What the resolution does is more important than what the resolution says

The most noxious amendments are the ones which invoke the norm of national sovereignty, religious and cultural particularity as competing norms to the norm of universal human rights. If there can be any ambivalence about this resolution at all, it would be with regard to whether these amendments in particular, succeed in altering the very shape of the resolution and whether these amendments become artillery which will in the long-term be used to dismantle the very edifice of international human rights law. In short, do these amendments result in a mutation of the very purpose of the resolution and is the SOGI mandate a pyrrhic victory? Will a SOGI win in the long term, become a loss for human rights?

To answer these questions we will have to go into a deeper analysis of the status of the resolutions of the Human Rights Council. The Human Rights Council was established by GA Resolution 60/251. The instruments invoked by GA 60/251 in setting forth the mandate of the Human Rights Council are worth noting.

Reaffirming also the Universal Declaration of Human Rights and the Vienna Declaration and Programme of Action, and recalling the International Covenant on Civil and Political Rights, the International Covenant on Economic, Social and Cultural Rights and other human rights instruments

Specifically GA Resolution 60/251 notes that:

Reaffirming further that all human rights are universal, indivisible, interrelated, interdependent and mutually reinforcing, and that all human rights must be treated in a fair and equal manner, on the same footing and with the same emphasis.

Reaffirming that, while the significance of national and regional particularities and various historical, cultural and religious backgrounds must be borne in mind, all States, regardless of their political, economic and cultural systems, have the duty to promote and protect all human rights and fundamental freedoms.

In specific terms, the resolutions of the Human Rights Council should be in conformity with what its founding mandate articulates, the Universal Declaration, the Covenant on Civil and Political Rights, Covenant on Social and Economic Right and the Vienna Declaration. Further, the resolutions should also be in conformity with Article 5 of the Vienna Declaration which is expressly cited in preambular paragraph four of GA Res 60/251, and hence a founding mandate of the Human Rights Council.

The intriguing question is what is the status of amendments (L.75, L.76, L.77 and L.78) which expressly seek to dilute the core commitment on which the Human Rights Council was founded?

The fact that the amendments were passed at all indicates a lack of institutional memory and points to a willful forgetting of the founding documents through which the mandate of the Human Rights Council was established. Within a national domestic context with a strong constitutional framework, it would be inevitable that such amendments would be struck down by a Constitutional Court as being ultra vires the Constitution. However, at the international level there is no similar mechanism for analyzing whether the Human Rights Council does indeed work within its established mandate, and there is absolutely no mechanism to ensure that amendments repugnant to the very charter of the institution are struck down.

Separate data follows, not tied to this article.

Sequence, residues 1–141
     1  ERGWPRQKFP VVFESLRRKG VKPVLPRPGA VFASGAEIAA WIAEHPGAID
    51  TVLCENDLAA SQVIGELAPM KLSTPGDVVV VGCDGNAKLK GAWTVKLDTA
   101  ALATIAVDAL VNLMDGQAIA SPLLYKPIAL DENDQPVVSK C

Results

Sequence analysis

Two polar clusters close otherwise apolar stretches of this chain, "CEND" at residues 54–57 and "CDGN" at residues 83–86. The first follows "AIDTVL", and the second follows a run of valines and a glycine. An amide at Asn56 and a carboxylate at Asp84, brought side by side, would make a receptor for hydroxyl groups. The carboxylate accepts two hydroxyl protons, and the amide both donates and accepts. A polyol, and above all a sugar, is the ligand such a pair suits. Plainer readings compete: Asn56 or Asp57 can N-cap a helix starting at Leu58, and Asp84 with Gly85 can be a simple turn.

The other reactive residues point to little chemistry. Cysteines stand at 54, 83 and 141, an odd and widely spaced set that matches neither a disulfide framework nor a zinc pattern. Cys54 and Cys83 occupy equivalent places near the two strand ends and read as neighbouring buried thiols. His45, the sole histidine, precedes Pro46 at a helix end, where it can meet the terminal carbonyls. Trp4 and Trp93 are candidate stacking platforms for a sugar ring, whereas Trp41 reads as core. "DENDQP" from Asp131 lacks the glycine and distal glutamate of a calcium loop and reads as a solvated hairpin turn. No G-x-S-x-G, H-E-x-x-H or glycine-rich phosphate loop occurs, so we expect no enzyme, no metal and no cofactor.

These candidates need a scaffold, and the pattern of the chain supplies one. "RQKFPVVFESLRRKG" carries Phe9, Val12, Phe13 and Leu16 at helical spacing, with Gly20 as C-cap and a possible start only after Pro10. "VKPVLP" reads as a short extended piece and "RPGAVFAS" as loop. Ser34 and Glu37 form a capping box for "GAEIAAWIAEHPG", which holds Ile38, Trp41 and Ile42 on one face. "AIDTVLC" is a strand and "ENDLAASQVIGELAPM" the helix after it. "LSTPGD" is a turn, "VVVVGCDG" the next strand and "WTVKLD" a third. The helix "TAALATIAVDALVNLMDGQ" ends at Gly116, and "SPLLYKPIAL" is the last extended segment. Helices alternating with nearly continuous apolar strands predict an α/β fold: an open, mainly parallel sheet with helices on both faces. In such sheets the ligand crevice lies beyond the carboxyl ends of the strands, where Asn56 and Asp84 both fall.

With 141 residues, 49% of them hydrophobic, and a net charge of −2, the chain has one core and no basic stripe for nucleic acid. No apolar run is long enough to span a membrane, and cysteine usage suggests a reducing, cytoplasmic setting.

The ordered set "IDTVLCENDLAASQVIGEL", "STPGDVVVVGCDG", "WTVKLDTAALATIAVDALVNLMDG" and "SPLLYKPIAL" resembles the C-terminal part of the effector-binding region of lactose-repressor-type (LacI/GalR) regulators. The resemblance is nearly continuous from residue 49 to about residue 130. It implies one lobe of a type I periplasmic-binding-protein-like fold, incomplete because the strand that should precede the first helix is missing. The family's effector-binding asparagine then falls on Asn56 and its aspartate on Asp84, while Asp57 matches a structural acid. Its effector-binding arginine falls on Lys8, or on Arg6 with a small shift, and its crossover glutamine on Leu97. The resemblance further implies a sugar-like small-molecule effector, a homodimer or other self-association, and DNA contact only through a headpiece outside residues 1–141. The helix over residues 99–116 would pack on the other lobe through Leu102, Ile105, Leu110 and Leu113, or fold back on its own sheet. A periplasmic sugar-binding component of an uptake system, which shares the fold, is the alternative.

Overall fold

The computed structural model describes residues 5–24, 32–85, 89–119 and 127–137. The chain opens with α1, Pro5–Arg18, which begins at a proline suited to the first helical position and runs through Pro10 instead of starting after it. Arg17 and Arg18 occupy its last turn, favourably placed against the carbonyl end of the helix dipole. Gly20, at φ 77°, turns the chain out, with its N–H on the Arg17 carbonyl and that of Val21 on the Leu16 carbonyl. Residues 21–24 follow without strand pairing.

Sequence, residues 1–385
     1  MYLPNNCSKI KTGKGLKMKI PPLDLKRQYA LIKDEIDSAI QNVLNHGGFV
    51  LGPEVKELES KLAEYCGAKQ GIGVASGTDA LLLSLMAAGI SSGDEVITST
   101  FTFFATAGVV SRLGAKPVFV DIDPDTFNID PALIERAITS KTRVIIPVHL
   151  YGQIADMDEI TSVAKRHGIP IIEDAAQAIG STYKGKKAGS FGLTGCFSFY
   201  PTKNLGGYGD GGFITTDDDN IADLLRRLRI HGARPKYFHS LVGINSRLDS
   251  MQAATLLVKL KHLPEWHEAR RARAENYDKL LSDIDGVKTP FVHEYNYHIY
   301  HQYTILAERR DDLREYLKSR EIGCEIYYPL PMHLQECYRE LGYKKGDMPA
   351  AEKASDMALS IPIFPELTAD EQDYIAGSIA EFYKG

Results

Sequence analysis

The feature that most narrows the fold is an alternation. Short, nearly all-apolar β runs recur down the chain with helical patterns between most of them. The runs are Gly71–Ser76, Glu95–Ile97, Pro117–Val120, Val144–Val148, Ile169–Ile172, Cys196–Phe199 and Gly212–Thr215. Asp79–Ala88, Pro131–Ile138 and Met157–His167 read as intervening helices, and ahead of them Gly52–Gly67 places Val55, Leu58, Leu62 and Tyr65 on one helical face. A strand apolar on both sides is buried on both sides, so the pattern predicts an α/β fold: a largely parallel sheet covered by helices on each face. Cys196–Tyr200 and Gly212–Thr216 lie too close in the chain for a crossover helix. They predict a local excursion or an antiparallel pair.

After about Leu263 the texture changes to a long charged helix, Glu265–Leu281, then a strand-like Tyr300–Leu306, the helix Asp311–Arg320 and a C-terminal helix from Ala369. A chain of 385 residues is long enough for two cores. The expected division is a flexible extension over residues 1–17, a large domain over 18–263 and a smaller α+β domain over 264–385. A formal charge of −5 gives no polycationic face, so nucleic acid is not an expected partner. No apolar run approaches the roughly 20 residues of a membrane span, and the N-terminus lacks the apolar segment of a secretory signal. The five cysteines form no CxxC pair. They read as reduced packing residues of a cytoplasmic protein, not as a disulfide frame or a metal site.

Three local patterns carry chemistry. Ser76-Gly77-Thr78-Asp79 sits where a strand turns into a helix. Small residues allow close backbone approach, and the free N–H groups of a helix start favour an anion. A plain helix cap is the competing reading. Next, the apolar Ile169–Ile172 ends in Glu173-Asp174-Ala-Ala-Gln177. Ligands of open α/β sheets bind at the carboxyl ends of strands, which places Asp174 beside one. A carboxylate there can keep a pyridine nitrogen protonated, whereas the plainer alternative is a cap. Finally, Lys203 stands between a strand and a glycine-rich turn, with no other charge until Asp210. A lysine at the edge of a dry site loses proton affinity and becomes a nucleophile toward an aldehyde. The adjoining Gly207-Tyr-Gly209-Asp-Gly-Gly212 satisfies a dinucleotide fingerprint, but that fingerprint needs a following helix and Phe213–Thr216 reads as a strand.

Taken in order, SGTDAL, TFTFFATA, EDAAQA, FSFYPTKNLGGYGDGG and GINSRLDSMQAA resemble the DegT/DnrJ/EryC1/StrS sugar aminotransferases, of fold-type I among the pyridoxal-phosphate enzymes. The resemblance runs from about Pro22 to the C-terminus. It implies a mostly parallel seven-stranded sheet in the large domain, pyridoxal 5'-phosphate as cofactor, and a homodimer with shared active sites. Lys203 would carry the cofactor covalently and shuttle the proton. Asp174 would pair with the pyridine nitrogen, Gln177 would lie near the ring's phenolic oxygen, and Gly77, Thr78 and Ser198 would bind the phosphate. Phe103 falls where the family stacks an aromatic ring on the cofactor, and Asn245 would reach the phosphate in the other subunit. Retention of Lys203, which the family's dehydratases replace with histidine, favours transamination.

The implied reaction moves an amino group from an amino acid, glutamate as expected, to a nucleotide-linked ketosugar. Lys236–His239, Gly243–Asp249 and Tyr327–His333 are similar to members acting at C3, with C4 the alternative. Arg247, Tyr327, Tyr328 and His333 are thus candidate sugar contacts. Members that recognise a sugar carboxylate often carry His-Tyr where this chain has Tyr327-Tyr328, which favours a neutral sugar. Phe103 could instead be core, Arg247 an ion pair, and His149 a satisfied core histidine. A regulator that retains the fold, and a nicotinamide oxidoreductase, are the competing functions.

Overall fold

The lack of precisely such a mechanism raises the question as to the status of the resolutions of the Human Rights Council: Are they legal instruments? Or are they political instruments? Or are they a hybrid entity comprising elements of both?

Bertrand Ramcharan argues that we need to understand the output of the Human Rights Council as playing a role in setting forth a policy agenda, but which works within the framework of relevant international law. The two are distinct but related points.

According to Ramcharan, the fundamental work of the Human Rights Council is not necessarily the making of law but would rather fall within the frame of making international policy.

The Human Rights Council is performing on the basis of general public agreement, a useful international public policy function, drawing attention to problems affecting the enjoyment of human rights being encountered by different groups of people and advancing recommendations for addressing them. [1]

Of course when one says international policy, it is international policy which as per GA Res 60/251 ‘promote(s) universal respect for the protection of all human rights’ and ‘addresses situations of violations of human rights, including gross and systematic violations’

The resolutions in themselves do not necessarily do the work outlined by GA Res 60/251. One of the most effective ways in which the Human Rights Council fulfills its mandate is through the work of the Special Procedures. The Special Procedures take three forms i.e., the Independent Expert, The Special Rapporteur and the Working Group. The former United Nations Secretary-General Kofi Annan, called the Special Procedures the ‘crown jewel’ of the international human rights system in recognition of their enormous contribution to the work of human rights protection.